Porous Asphalt Costs Per Square Foot
Porous asphalt costs between $8 and $15 per square foot. This style of asphalt is designed to reduce the amount of runoff. This diminishes the need for excessive leveling and grading before installation.
Porous asphalt does need an additional layer of crushed stone to help with the draining. This allows it to soak up water, which also prevents cracks and crevices over time in the finished surface.
Recycled or Reclaimed Asphalt
Another option that is great for anyone who is eco-conscious is recycled or reclaimed asphalt. It costs $10 to $20 per ton, which is 1/10 of the cost if you were buying new. This can save you up to $1,400 on your driveway as well.
If you want to go with this option, ask the installer to mill the materials onsite. Doing so can cut down drastically on transporting supplies and materials.
When laying down asphalt for the first time, not an overlay, you need to put down a layer of gravel. This is done between the soil and asphalt and acts as a draining system for the surface. Gravel rocks can cost between $0.50 and $1 per square foot.
Asphalt Overlay Cost
An overlay will set you back between $3 and $7 per square foot. This is a cheaper option, as you’re only adding a top coat to an existing blacktop. You’ll also need an asphalt sealant on top of the topcoat, which costs about $500.
Cost to Remove Asphalt
If there’s a lot of surface damage and you’ve found the need to altogether remove the asphalt, that’ll cost $1 to $2 per square foot. If you plan on replacing the asphalt, ask the installer to use the old materials to help save money.
Cost to Lay Asphalt Over Concrete Driveway
Laying asphalt over a concrete driveway costs the same as an overlay on top of a blacktop. It’s around $3 to $7 per square foot, but this needs to be done annually. This can be incredibly pricey over time, and it will be cheaper to remove the concrete and lay down asphalt.
Below you’ll find how much it can cost you to put new asphalt down on your driveway. Keep in mind this includes labor and materials. If you’re doing the job yourself, you can expect these prices to be on the lower end.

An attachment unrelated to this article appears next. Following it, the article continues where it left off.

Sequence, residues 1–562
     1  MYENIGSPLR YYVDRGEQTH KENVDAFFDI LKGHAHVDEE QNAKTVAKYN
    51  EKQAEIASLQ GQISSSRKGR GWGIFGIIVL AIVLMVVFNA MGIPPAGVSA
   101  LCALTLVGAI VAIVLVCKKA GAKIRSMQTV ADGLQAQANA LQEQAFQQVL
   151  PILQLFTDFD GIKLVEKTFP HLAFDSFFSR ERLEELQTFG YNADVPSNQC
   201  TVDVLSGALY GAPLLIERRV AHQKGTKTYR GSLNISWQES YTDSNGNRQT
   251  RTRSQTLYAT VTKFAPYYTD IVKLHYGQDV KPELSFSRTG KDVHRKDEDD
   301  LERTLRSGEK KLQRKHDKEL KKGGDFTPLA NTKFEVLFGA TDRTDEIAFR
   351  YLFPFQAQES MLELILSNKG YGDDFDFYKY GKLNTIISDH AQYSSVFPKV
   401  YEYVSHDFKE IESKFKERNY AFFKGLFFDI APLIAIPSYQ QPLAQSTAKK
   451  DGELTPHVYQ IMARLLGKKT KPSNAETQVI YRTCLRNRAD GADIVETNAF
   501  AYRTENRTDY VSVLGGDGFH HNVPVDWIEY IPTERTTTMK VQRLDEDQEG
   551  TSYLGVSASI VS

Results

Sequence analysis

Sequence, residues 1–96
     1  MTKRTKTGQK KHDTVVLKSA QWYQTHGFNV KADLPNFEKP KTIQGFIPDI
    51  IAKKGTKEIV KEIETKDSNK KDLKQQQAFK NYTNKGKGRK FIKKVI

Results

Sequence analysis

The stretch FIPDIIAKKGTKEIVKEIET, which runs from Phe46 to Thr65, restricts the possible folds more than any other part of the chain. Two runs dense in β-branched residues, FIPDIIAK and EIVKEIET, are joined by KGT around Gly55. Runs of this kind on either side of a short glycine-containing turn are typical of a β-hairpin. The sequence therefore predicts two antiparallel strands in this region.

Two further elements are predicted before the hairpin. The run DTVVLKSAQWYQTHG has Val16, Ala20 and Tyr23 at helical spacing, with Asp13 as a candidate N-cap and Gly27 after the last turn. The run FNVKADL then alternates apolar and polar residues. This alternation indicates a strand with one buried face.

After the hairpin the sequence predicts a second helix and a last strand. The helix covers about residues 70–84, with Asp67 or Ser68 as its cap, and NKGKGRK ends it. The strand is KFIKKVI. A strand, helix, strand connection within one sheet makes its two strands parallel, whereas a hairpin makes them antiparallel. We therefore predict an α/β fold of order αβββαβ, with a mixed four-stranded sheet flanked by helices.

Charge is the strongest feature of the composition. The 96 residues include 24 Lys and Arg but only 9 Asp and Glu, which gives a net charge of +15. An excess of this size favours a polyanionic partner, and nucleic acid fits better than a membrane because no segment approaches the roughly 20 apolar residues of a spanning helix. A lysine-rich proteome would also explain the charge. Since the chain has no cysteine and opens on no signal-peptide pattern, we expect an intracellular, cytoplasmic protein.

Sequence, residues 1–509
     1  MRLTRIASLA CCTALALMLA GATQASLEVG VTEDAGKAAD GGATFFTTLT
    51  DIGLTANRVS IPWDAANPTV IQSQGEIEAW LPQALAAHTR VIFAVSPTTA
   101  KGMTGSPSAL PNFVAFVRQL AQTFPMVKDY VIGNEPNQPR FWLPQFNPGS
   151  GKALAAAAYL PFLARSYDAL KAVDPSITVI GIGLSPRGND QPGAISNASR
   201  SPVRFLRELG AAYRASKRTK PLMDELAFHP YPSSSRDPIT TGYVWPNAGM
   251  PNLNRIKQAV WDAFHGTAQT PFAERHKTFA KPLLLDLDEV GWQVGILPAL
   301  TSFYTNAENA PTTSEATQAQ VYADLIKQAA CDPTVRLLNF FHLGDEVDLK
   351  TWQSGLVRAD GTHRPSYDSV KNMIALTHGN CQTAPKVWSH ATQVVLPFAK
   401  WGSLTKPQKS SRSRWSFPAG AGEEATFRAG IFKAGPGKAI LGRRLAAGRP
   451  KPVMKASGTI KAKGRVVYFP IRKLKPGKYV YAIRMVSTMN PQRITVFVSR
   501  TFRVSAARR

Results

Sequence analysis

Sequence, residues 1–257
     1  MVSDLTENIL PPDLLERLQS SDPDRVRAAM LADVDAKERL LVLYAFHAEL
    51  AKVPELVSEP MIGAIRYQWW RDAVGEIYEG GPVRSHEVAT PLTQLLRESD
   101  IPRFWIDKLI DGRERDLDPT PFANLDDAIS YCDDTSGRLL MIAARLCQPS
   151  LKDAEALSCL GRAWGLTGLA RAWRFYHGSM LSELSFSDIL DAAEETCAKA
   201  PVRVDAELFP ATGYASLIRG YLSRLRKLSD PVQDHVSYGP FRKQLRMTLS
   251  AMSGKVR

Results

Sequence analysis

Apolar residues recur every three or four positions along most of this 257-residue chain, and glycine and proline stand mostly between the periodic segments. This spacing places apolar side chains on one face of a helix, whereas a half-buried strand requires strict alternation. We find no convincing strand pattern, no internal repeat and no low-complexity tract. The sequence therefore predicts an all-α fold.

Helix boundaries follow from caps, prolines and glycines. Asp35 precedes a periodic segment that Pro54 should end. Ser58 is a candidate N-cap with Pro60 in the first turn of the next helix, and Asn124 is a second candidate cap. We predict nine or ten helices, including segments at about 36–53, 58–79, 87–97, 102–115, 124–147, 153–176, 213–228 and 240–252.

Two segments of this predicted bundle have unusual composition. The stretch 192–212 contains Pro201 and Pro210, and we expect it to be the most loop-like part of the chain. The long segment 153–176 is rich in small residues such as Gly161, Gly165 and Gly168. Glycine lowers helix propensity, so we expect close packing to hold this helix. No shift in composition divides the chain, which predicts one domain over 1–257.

|Typical range||$2,874 – $6,380|
If you want to break it down even more and get a more accurate price for your project, take a look at this:
Asphalt Paving Cost Per Square Foot
|Asphalt||$1 to $5|
|Gravel||$0.50 to $1|
|Installation||$5 to $7|
|Total||$7 to $13|
When you perform an asphalt overlay, you may want to know that it won’t last as long as brand new asphalt. If it’s installed correctly, the overlay can add between eight and 15 years to the surface.What is the difference between asphalt and blacktop?
Something that many folks don’t know is that blacktop is a type of asphalt. In general, asphalt refers to things like highways, roads, and anywhere public. Blacktop is the term used when referring to personal driveways.How do you fix crumbling asphalt driveway?
Crumbling asphalt can be a real pain. One of the best ways to fix the issue is to fill any cracks, crevices, or holes with compacted sand. On top of that, you’ll lay a bead of asphalt crack filler using a caulking gun and smooth it over with a putty knife.
Kirstin is a passionate writer who loves helping people learn new things when it comes to home improvement. When she's not behind a keyboard, she enjoys DIY projects, crafts, spending time with her pets, and making videos. She hopes that with all she writes, someone is finding a solution to their home improvement needs.